Dear Future CURI Researcher,

Data entry has a bad rep. Sure, typing in all those records can take a long time, and doesn’t usually make the top ten list of mentally stimulating activities, but when done right, the process can be downright enjoyable. Listed below are four strategies that will help you see data entry as the exciting and exhilarating adventure that is it!

1. Take breaks before you need them

“One more record! Just one more, and then I’ll take a break! Ok, that wasn’t so bad… I’ll do one more, and then I’ll really take a break. Well, I guess I might as well just finish up this page…”


This story’s ending should be no surprise: when the unsuspecting data-enterer finishes the page, she discovers that she is almost done with the year 1919, and decides she might as well finish it out. Her vision has been blurry since she reached October and her neck started cramping at the beginning of November; halfway through December, she realizes she hasn’t taken a full breath or looked up from the computer screen since August 14th. By the time she enters the December 31st performance of Carnaval and scrolls down to the TAKE A BREAK section of the syllabus, she is thoroughly exhausted and finds herself wondering if her neck will ever fix itself without a chiropractor. How could our heroine have handled the situation better? Perhaps by standing up and taking a break pre-ergonomic crisis.

2. Mix data entry with other tasks

Screen Shot 2016-07-12 at 10.02.30 AMOne way to get yourself to take enough breaks is to incorporate other tasks into the data entry grind. Look for new sources of data, work on a blog post, read a composer biography, listen to Poulenc’s Les Biches, contemplate the role of the digital humanities in music history, or check the CURI Moodle page for updates (if you’re really desperate). The list of things you can do is enormous; including a variety of breaks and a variety of work options will help keep your energy high and your focus sharp.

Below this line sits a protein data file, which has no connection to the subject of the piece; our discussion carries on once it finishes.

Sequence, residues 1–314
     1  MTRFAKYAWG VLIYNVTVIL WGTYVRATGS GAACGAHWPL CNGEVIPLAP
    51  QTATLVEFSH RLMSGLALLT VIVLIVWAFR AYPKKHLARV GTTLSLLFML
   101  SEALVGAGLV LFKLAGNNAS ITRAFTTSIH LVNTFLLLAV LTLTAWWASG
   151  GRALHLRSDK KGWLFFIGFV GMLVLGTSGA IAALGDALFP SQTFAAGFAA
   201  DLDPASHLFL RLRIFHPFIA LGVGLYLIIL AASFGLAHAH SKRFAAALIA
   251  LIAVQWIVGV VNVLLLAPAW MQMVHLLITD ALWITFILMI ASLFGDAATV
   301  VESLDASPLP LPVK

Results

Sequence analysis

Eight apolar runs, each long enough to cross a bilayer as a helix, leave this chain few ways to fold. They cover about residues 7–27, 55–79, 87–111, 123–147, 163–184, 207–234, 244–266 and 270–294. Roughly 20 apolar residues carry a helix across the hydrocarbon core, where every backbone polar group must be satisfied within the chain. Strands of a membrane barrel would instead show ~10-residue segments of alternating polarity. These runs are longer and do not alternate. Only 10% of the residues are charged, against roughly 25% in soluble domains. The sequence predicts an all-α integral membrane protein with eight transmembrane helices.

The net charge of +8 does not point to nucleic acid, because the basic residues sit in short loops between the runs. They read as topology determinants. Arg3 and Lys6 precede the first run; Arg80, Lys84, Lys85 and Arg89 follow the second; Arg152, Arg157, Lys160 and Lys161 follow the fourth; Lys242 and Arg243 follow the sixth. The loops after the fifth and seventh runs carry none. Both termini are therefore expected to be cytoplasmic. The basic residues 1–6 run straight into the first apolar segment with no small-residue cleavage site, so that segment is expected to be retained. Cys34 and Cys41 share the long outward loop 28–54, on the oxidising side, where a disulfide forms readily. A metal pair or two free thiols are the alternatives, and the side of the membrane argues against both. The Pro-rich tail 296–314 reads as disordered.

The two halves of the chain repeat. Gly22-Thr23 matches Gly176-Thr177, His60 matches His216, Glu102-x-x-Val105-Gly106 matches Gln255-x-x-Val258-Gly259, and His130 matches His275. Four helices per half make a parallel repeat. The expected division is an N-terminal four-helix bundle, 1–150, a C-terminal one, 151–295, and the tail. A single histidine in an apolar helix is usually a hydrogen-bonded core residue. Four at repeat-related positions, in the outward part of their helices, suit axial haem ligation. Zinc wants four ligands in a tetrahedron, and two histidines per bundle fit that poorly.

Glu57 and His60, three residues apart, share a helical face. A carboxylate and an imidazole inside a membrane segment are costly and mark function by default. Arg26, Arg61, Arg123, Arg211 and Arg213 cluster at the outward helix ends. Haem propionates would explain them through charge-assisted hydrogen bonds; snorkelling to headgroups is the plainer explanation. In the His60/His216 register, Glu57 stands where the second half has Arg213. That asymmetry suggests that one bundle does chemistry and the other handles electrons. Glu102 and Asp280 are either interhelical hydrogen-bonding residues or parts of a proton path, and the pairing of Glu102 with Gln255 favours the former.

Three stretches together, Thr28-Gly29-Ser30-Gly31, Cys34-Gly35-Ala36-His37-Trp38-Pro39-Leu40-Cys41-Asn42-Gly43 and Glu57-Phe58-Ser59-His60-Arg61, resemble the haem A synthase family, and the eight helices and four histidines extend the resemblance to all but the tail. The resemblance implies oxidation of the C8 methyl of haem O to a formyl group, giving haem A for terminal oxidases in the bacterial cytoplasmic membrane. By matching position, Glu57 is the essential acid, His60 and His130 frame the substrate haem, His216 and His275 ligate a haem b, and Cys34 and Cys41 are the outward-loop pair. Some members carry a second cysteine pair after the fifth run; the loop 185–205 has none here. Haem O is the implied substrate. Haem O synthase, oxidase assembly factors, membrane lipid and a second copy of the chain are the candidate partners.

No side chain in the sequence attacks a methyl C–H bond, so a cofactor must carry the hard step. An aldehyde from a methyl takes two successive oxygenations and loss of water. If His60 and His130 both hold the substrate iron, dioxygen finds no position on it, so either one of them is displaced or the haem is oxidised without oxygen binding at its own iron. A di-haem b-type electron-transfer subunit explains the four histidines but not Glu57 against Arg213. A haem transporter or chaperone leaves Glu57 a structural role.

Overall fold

3. Make maps as you go

Entering data is all about the maps. Maps are the product that makes all those hours of typing worthwhile. To help yourself keep that in mind, spend some time with ArcGIS and Google Maps, or look for other mapping platforms that can do what those two can’t. It doesn’t matter if you haven’t finished entering all the events on your list; creating a map here and there will inspire you to keep going. The more data you have, the cooler your maps will be.

Screen Shot 2016-07-12 at 10.25.15 AMScreen Shot 2016-07-08 at 11.34.48 AMScreen Shot 2016-07-12 at 10.26.31 AM

It can also be a good idea to make the same map twice. Plot the same set of points in Google Maps and ArcGIS, and see if they look any different. You don’t need a complete dataset to start exploring different ways to spatially represent musical events.

4. Listen to 1920s Parisian music!


You have access to several playlists of music from 1920s Paris. Before you sit down to start entering data, hit play to keep your mind busy while you work! It’s a great way to multitask. The only risk is that you’ll start dancing so hard, you won’t be able to type. Music can transform data entry from a necessary evil to a positive delight! My advice is to find a large empty room in Tomson, close the door, and take advantage of its air conditioning and built-in sound system. If you get bored, you can always write on the walls.

Enjoy entering data as much as possibe, if only because you’ll have to do a lot of it. These four strategies — taking breaks, incorporating variety into each day, making maps, and listening to music — can turn a headache into an adventure! You’ll also come up with your own list of tips and tricks. Everyone works differently, and the best thing you can do is to be in tune with your working style and follow your own advice.

Welcome to the team!